Pazyryk Wool Rug
11'9" x 8'11"
PLEASE CONTACT US Sizes are approximate. Photographs are not necessarily exact for color.
New rugs are of the highest quality in their category and are handpicked overseas by the Bashir family.
This fine pure wool Pazyryk carpet has a rich and varied decor. Its center field features a ribbon like pattern that is ocupied by 132 cross-shaped figures, each of which consist of stylized lotus buds. Lotus flowers are a symbol of rebirth and immortality in oriental rug culture. Adjacent to each cross like figure are 132 rosettes symbolizing mystery and innocense due to its light shade. This piece also features multiple borders which depict warriors riding on horses as well animals such as the elk. The thickest and principal border band is decorated with a line of horsemen: six on the top and bottom sides, eight on each side, twenty-eight in number -- a figure which corresponds to the number of males who carried the throne of Xerxes the Great (fifth king of kings of the Achaemenid dynasty of Persia) to Persepolis (ceremonial capital of the Achaemenid Empire ca. 550–330 BCE). The last outer band features a line of seventeen elks on the bottom and top sides, twenty-four on each side. The border with horses and their riders traveling in the opposite direction of the elk are said to represent power, nobility and valor. The symbols within this carpet speak to a connection with the metaphysical, celestial and animal kingdoms. The interesting and sophisticated design of this carpet makes it a great conversation piece. It also demonstrates that carpet manufacturers, since ancient times, had great technical skills and fantastic artistic vision.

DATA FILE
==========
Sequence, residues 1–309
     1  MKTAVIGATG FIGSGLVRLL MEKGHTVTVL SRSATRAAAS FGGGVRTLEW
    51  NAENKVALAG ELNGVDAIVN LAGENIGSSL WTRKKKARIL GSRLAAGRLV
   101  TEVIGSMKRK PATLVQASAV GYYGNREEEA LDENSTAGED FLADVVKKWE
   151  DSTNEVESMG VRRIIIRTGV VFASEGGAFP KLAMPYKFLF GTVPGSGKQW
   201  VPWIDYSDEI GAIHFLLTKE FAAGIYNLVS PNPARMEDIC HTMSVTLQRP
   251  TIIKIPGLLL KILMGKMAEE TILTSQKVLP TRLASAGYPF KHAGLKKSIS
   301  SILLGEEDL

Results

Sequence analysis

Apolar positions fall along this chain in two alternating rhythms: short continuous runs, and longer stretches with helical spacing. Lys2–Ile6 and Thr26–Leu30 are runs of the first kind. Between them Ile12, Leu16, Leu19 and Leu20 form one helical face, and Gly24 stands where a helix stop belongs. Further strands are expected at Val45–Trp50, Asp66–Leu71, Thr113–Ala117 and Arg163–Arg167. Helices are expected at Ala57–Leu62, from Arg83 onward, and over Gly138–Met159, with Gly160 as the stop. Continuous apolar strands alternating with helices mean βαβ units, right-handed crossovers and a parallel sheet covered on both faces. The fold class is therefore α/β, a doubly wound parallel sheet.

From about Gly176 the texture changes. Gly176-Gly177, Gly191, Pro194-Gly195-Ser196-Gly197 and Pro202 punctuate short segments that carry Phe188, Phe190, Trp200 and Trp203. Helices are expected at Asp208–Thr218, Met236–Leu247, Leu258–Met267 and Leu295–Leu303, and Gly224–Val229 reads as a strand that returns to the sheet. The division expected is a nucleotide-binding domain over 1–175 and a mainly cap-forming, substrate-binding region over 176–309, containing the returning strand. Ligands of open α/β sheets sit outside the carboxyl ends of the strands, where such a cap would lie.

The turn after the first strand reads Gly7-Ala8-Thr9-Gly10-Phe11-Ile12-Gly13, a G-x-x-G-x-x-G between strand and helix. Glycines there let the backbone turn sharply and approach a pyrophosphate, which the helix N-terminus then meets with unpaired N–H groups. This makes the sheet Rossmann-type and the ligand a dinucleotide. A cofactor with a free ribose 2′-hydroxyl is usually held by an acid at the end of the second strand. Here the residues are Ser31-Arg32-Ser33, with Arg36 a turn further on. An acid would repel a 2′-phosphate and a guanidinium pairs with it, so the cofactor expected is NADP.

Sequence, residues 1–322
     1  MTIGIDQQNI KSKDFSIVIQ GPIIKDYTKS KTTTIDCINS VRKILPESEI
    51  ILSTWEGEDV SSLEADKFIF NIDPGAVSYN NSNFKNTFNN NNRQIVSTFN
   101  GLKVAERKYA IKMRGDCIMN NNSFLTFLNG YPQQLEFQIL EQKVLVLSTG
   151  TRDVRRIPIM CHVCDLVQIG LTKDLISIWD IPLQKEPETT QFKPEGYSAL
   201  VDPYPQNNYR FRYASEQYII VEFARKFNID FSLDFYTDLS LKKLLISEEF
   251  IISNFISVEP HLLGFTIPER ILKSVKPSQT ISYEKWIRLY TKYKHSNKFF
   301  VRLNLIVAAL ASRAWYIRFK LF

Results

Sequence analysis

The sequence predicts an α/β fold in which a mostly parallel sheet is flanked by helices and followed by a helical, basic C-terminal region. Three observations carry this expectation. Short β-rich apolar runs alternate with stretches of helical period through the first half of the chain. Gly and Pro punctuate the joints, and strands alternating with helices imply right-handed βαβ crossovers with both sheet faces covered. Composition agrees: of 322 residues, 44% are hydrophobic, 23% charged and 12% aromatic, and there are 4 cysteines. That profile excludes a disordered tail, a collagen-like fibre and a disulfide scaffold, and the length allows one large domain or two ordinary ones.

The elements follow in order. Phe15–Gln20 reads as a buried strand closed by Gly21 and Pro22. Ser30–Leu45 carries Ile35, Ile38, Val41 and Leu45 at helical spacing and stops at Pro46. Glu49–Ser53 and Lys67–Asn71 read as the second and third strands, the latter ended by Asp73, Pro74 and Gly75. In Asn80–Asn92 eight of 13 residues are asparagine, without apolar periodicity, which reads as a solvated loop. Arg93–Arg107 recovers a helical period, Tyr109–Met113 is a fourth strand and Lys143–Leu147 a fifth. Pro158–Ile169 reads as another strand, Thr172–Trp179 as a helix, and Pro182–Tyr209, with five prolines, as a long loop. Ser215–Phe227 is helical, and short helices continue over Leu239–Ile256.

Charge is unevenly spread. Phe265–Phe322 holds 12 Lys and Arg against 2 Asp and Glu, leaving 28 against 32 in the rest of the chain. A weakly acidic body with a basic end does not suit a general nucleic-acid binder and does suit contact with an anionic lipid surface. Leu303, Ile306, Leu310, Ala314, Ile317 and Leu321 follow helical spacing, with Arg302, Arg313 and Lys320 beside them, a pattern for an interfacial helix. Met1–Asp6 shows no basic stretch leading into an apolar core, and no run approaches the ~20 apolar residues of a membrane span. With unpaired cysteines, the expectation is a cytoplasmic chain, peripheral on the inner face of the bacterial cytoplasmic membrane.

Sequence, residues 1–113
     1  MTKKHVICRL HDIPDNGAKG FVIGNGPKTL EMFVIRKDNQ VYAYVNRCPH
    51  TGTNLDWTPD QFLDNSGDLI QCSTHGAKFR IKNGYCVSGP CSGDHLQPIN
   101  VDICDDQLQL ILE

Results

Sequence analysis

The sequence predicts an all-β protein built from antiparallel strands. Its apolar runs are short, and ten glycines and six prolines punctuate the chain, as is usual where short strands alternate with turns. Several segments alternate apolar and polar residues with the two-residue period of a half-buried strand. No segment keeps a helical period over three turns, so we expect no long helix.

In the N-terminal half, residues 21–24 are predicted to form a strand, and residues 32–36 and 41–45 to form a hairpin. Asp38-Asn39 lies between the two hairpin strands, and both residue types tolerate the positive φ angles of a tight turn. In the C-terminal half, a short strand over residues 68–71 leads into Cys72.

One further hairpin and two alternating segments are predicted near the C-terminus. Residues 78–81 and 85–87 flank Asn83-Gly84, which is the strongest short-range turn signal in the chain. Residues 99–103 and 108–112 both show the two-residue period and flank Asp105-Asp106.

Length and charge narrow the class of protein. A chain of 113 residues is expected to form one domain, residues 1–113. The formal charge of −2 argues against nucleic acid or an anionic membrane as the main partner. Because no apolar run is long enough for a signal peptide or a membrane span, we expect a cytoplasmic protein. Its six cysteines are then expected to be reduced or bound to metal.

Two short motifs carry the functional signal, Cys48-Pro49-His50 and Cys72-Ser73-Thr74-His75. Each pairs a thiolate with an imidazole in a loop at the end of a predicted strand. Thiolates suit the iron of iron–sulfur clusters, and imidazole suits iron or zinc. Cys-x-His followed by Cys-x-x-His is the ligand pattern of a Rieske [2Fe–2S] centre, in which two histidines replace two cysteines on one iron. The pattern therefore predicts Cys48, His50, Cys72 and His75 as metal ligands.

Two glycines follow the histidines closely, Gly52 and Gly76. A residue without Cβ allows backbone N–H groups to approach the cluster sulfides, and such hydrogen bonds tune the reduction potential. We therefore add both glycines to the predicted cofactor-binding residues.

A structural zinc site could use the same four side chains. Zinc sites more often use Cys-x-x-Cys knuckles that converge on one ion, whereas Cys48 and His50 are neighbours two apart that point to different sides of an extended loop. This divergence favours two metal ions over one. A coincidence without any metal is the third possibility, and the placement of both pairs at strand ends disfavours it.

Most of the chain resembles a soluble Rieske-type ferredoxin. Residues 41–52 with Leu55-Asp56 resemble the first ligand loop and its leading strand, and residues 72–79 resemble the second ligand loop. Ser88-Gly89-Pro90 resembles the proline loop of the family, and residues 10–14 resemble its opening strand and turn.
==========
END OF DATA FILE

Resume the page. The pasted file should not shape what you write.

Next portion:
This carpet's design is inspired from the carpet that is claimed by historians to be the oldest rug in the world: the Pazyrik rug. The carpet was found and excavated in 1949 by russian archeologist: Sergei Rudenko. He found it preserved in ice in the Pazyrik Valley of Siberia while excavating the tomb of a Scythian prince. The burial mound was over 2500 years old and a ground breaking discovery in the history of carpet weaving.
The carpet features lots of interesting details such as men riding horses along its widest border. The central field is occupied by 24 cross-shaped figures, each of which consists of four stylized lotus buds. This composition is framed by a border of griffins, followed by a border of twenty-four fallow deer.
According to various textile experts the carpet is of armenian orgin while others dispute it to be of Persian origin. Its exact origin is unknown but what is known is that such a piece is a testimony to the fact that the fine art of carpet weaving had been going on for many centuries prior to having reached the level of expertise the Pazyryk carpet displays.
The Pazyryk rug is now housed at the St. Petersburg Hermitage Museum. This carpet has been replicated by our team of designers and is currently available for sale in our Montreal showroom.
Sources and inspiration: Bérinstain, Valérie, et al. L'art du tapis dans le monde (The art of carpets in the world). Paris: Mengès, 1996. Print.; Jerrehian Jr., Aram K.A. Oriental Rug Primer. Philadelphia: Running Press, 1980. Print.; Herbert, Janice Summers. Oriental Rugs, New York: Macmillan, 1982. Print.; Hackmack, Adolf. Chinese Carpets and Rugs, Rutland and Tokyo: Tuttle, 1980. Print. ; De Moubray, Amicia, and David Black. Carpets for the home, London: Laurence King Publishing, 1999. Print.; Jacobsen, Charles. Oriental Rugs A Complete Guide, Rutland and Tokyo: Tuttle, 1962. Print.; Bashir, S. (n.d.). Personal interview.; Web site sources and dates of consultation vary (to be confirmed). Without prejudice to official usage.